Posted by AzBlueMeanie:
The New York Times reports, Banks Accused of Illegally Breaking Into Homes:
When Mimi Ash arrived at her mountain chalet here for a weekend ski trip, she discovered that someone had broken into the home and changed the locks.
When she finally got into the house, it was empty. All of her possessions were gone: furniture, her son’s ski medals, winter clothes and family photos. Also missing was a wooden box, its top inscribed with the words “Together Forever,” that contained the ashes of her late husband, Robert.
The culprit, Ms. Ash soon learned, was not a burglar but her bank. According to a federal lawsuit filed in October by Ms. Ash, Bank of America had wrongfully foreclosed on her house and thrown out her belongings, without alerting Ms. Ash beforehand.
In an era when millions of homes have received foreclosure notices nationwide, lawsuits detailing bank break-ins like the one at Ms. Ash’s house keep surfacing. And in the wake of the scandal involving shoddy, sometimes illegal paperwork that has buffeted the nation’s biggest banks in recent months, critics say these situations reinforce their claims that the foreclosure process is fundamentally flawed.
“Every day, smaller wrongs happen to people trying to save their homes: being charged the wrong amount of money, being wrongly denied a loan modification, being asked to hand over documents four or five times,” said Ira Rheingold, executive director of the National Association of Consumer Advocates.
Identifying the number of homeowners who were locked out illegally is difficult. But banks and their representatives insist that situations like Ms. Ash’s represent just a tiny percentage of foreclosures.
Many of the incidents that have become public appear to have been caused by confusion over whether a house is abandoned, in which case a bank may have the right to break in and make sure the property is secure.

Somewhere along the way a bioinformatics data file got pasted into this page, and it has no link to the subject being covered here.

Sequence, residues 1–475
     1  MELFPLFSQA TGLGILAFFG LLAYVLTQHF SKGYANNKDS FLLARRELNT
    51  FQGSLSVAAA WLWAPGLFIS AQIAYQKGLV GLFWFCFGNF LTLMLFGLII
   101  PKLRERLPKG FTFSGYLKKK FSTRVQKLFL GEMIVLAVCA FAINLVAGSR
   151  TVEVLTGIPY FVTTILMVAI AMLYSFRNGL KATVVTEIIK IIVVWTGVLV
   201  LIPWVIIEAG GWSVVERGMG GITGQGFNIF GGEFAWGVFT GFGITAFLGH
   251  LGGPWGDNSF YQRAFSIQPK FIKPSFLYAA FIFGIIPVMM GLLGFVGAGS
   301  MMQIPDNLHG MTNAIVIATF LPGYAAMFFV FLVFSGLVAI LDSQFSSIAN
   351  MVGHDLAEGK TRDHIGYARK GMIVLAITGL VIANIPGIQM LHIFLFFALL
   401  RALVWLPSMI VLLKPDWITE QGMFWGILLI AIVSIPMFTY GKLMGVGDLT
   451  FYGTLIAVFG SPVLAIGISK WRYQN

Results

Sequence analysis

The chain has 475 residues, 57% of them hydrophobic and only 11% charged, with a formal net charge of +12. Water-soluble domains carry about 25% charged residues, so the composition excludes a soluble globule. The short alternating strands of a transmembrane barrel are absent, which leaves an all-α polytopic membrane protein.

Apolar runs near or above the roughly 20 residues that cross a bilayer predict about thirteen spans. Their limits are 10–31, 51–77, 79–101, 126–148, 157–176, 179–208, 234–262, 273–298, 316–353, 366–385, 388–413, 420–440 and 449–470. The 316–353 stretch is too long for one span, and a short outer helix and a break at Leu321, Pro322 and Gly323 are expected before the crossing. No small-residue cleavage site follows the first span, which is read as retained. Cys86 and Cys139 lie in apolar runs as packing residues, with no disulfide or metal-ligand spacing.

Some of the cases appear to be mistakes involving homeowners who were up to date on their mortgage — or had paid off their home — but who still became targets of a bank.
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More common are cases like Ms. Ash’s, in which a homeowner was behind on payments, perhaps trying to work out a modification, when bank crews changed the locks.
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A clause in most mortgages allows banks that service the loan to enter a home and secure it if it is in default, meaning if the mortgage payment is 45 to 60 days late, and if the house has been abandoned, authorities said.
Banks do so to protect the property from vandalism or damage for which the bank could be liable.
But determining when a house is abandoned is not always easy and is often left to inexperienced contractors, said Carlin Phillips, a Massachusetts lawyer who represents Ms. Ash, who is 45.
“It’s sometimes as little as someone looking through the windows, or knocking on the door of a neighbor and saying, “Where are they?’ ” Mr. Phillips said.
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Ms. Ash’s troubles with the Truckee house became tangled in her worsening financial situation and, she claims, the bungling of the bank, originally Countrywide Financial, which was bought by Bank of America in 2008.
She intended to assume the mortgage on the house, which landed in probate court after her husband’s death. The bank required that she catch up on payments and taxes, so she sent a check for $15,000.
Hearing nothing from the bank for many months and not having ownership of the house, she made no more payments, she said. By the time Countrywide reached Ms. Ash, the real estate market was collapsing, so she sought a loan modification.
Months and years of frustration followed. The bank lost documents and rarely returned her e-mails and phone messages, she said.
When Countrywide issued a default notice in 2007, it went to the wrong address, her lawsuit says. Later, Ms. Ash said, the bank assured her it would not foreclose while she pursued the loan modification.
Even so, the bank conducted a foreclosure sale on the property in May 2008. Again, Ms. Ash said she had not been notified and learned of the sale during a summer visit. She said she had been told the sale would be rescinded.
Near Halloween 2008, work crews broke in and cleaned out the place, taking Persian rugs, china, furniture bought on a trip in Peru, skis, photos of her marriage and childhood in Iran. Her husband’s ashes were taken from the couple’s master bedroom.
A bank spokeswoman, Jumana Bauwens, said, “We take the allegations made by Ms. Ash very seriously and are thoroughly researching her claims. Bank of America will work with Ms. Ash and her counsel to determine the extent and cause of her claims and move toward an appropriate resolution of the case.”
Carlin Phillips, the Massachusetts lawyer who represents Ms. Ash, was interviewed on Countdown with Keith Olbermann on Wednesday.